Help keep the Mall at Sears Safe and Convenient

Fall 2017 Update

In July 2016, after a public hearing at which many Mall Merchants and others testified, the Planning and Zoning Commission (PZC) made one change to the 2014 resolution approving the site plan amendment for the Nordstrom Rack store and passed it again.The Merchants and Carr-Gottstein Properties again appealed the PZC decision to the Board of Adjustment (BOA) who firmly backed the Merchant’s interpretation of the Municipal Code, stating that a “big box” site plan amendment cannot move the “big box” further away from zoning law conformity than it was when the rules were passed in 2001.  The Board of Adjustment then sent Seritage’s proposed site plan amendment back to PZC for a “do over.” Click here to see: BOA Decision and BOA Meeting Transcript.

The PZC has now scheduled a December 4 public hearing to revisit the proposed site plan amendment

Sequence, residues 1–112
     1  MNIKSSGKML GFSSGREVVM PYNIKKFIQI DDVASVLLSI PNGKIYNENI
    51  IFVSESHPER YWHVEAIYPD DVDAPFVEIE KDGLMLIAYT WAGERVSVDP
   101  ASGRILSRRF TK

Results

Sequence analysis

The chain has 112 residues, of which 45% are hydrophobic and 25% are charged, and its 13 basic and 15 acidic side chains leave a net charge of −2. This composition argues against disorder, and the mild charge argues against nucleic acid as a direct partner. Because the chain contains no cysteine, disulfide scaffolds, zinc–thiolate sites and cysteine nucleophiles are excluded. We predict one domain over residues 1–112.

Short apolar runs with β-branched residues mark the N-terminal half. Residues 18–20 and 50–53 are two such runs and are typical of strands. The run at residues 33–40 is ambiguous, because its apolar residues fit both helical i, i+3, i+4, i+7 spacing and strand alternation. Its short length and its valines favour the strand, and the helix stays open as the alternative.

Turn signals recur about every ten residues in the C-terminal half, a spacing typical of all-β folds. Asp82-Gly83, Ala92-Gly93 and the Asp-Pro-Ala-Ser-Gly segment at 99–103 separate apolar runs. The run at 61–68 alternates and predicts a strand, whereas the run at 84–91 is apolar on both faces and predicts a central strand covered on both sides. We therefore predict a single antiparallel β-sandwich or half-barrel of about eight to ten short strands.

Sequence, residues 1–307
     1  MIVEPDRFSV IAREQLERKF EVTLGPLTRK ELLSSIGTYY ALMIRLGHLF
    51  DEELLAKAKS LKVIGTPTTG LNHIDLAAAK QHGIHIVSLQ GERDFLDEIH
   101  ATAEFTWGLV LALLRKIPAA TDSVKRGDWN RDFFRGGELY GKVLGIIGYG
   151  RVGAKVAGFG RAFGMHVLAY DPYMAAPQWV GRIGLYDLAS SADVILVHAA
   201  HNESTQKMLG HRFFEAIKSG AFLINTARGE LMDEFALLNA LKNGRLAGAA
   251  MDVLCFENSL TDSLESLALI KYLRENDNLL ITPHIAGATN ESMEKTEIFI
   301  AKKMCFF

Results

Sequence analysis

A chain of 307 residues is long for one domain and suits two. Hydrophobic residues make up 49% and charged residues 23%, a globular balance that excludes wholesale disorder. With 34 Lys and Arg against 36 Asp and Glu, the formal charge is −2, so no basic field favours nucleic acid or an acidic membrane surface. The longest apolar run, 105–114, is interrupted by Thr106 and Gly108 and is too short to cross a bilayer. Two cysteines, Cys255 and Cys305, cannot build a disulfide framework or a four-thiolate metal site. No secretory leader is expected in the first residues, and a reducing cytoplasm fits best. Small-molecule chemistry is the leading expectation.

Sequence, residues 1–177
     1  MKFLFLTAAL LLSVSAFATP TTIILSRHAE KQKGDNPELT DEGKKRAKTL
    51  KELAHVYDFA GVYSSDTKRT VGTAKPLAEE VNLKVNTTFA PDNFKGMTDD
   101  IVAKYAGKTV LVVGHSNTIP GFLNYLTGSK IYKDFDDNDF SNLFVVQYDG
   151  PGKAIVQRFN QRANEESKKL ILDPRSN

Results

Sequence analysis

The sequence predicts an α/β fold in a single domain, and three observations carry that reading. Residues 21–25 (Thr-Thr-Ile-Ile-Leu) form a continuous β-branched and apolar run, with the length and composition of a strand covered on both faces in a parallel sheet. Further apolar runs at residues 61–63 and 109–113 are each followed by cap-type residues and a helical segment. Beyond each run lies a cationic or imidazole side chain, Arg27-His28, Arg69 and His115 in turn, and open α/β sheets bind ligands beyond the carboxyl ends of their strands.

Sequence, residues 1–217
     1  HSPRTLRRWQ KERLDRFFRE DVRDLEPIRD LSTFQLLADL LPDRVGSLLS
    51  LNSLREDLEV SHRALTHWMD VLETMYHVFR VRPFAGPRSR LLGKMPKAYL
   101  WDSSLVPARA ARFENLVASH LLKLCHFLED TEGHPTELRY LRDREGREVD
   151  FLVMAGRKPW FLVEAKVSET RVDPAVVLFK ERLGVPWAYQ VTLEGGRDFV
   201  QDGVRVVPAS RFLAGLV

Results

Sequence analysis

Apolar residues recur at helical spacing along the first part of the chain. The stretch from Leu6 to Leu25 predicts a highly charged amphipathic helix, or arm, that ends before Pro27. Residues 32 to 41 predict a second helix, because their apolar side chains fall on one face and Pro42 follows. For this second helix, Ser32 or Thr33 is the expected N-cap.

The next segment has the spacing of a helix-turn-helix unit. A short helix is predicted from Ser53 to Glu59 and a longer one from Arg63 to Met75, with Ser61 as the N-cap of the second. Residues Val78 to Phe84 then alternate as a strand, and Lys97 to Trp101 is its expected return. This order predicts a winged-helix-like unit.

Now that the BOA has more clearly established the meaning of the Municipal zoning law, the Merchants and other interested parties plan to testify that the PZC must reject the current Sears/Seritage proposed site plan amendment altogether.

The main points they will be focusing on are that:

  • The BOA’s decision confirms that the Planning & Zoning Commission does not have the authority to approve a limited site plan amendment if it causes the property to move away from conformity with “big box” standards.
  • The site plan that was proposed by Sears/Seritage moves the property away from conformity with those standards in several areas, including having a negative impact on pedestrian access and safety.